Toyota made its fourth global recall involving more than a million vehicles this year, as the world’s largest automaker begins operating with stricter supervision over safety from U.S. regulators.
The carmaker is calling back 1.75 million vehicles, including 759,000 Toyota and Lexus sedans to repair fuel pipes that could leak and raise fire risks. While the automaker may accrue hundreds of millions of dollars to pay for the recall, “the cash risk will be much less” because not all customers will get the repairs, said David Whiston, an equity analyst with Morningstar Inc. in Chicago. The company didn’t provide an estimated cost for the recalls.
“A single initial report cannot identify a trend and rarely prompts a recall,” said Dion Corbett, a spokesman, noting that the first report of a problem with these cars came from the U.S. in June 2010. “When we see what might be a trend and investigate the issue, and when we believe there is a safety-related defect, we begin a recall.”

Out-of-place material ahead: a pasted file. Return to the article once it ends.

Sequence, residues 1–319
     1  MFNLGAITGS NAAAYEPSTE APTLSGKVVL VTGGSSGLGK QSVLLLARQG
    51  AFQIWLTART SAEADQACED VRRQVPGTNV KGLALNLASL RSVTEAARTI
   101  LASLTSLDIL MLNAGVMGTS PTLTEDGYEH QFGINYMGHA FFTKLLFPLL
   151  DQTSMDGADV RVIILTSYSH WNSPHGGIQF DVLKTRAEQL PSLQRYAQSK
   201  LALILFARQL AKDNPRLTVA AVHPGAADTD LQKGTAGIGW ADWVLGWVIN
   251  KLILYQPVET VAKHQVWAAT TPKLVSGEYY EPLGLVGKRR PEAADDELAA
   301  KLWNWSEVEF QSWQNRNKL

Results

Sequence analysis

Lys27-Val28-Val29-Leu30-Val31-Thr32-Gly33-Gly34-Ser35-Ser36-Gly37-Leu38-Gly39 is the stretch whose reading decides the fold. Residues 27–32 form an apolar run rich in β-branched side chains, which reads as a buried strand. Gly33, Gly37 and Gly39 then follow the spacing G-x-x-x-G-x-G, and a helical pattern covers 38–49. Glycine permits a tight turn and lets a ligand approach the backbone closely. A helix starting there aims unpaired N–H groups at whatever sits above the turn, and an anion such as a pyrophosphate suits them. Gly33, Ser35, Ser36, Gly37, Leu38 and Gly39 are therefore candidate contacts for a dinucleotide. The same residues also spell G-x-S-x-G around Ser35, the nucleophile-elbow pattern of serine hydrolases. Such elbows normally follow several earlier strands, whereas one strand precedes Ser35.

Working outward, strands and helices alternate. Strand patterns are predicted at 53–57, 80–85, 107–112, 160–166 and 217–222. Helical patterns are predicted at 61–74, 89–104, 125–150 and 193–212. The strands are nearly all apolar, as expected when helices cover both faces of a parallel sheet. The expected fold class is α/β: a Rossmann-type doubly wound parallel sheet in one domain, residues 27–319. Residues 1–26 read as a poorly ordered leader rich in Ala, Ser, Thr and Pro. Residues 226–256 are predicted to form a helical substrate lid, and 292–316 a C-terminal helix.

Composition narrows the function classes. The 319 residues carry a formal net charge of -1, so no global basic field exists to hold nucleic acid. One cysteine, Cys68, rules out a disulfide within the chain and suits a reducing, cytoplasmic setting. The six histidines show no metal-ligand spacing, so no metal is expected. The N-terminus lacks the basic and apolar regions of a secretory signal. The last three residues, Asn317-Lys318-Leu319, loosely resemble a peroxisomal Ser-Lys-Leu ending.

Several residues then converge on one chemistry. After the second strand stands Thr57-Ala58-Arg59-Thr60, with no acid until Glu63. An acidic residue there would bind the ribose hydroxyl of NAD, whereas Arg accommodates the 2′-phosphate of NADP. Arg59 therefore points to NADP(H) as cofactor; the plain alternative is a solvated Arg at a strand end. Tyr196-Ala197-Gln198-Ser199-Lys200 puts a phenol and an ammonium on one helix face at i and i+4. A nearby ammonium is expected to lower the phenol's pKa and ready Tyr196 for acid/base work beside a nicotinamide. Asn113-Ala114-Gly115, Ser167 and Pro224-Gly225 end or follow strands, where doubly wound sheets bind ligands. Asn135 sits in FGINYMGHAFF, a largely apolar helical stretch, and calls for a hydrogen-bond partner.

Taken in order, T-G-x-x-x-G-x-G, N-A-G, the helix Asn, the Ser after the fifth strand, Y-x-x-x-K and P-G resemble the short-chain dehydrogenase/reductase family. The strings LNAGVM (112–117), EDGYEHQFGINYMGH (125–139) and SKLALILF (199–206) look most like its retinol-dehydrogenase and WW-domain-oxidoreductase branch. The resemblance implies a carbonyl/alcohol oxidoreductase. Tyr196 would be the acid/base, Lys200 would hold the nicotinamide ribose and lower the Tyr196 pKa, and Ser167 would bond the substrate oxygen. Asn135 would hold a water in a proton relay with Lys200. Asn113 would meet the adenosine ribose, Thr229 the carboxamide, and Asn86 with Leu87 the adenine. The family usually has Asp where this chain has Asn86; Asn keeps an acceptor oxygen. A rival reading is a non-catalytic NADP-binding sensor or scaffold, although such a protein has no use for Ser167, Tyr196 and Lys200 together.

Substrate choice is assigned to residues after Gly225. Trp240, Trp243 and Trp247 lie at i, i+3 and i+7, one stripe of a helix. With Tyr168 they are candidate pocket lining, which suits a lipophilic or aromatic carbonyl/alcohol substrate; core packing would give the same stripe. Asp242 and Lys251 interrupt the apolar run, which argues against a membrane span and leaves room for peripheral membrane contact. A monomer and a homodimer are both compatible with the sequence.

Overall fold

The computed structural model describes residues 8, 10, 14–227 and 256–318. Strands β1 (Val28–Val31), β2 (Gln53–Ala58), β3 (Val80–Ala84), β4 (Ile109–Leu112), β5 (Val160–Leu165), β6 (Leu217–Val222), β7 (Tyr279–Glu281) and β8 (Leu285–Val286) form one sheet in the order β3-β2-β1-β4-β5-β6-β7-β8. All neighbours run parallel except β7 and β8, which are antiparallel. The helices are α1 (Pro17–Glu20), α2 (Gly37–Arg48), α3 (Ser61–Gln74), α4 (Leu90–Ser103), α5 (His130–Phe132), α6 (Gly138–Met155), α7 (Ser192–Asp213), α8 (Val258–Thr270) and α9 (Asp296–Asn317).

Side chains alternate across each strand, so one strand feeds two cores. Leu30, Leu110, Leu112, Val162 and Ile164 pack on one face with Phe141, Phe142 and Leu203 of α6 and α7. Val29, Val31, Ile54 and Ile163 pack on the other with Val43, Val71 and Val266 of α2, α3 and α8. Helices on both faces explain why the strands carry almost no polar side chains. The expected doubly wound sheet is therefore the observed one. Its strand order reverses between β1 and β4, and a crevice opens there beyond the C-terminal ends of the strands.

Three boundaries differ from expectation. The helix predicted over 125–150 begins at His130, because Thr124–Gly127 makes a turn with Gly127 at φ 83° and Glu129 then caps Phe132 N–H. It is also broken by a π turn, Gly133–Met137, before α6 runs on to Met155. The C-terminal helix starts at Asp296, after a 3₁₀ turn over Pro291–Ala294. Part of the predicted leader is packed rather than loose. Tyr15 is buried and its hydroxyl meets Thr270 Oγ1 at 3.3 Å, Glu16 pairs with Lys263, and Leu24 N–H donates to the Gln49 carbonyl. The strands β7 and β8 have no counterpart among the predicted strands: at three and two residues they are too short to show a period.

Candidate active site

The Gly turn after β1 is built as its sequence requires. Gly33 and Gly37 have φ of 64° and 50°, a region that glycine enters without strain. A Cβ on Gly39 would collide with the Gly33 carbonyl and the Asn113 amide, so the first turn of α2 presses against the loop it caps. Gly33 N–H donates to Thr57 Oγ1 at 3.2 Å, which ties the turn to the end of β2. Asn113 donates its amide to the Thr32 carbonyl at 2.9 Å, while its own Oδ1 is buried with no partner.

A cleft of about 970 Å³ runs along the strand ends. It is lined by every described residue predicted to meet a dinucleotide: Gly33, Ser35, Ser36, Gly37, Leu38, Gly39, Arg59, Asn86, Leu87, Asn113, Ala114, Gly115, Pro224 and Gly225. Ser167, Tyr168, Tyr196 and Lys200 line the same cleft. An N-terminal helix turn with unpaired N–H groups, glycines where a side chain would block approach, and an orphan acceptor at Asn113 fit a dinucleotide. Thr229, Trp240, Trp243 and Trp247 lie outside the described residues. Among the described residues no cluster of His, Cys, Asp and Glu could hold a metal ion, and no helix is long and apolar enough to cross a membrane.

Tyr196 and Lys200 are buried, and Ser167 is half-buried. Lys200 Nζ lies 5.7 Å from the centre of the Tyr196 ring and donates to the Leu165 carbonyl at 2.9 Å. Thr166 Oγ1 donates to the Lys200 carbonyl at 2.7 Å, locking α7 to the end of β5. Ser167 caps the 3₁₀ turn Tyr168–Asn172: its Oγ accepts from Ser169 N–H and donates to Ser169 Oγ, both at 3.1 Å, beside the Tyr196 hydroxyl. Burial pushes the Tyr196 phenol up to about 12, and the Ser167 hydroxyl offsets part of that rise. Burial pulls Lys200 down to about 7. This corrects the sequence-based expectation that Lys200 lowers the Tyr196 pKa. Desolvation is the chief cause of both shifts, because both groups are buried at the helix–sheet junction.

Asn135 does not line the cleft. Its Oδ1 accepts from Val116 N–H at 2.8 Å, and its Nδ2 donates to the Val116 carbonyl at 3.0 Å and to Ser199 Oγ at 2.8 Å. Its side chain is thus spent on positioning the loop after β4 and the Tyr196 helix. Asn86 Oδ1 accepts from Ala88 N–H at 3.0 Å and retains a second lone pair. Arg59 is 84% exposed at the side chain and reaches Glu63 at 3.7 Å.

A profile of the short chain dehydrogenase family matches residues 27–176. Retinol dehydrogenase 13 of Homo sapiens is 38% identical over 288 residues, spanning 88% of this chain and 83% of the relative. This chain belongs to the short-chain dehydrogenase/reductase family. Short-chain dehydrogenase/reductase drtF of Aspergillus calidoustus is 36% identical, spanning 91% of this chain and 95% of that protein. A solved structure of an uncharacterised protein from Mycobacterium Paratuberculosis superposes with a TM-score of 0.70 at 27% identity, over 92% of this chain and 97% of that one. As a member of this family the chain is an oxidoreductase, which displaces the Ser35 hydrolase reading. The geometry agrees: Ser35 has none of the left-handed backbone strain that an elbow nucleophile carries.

Automakers are under increasing pressure to hasten their recall process and justify the time lag between learning about potential flaws and calling back cars for fixes. The scrutiny has intensified after General Motors Co. (GM) took more than a decade to start replacing deadly ignition switches in some of the record 30 million cars and trucks the company has recalled in North America this year.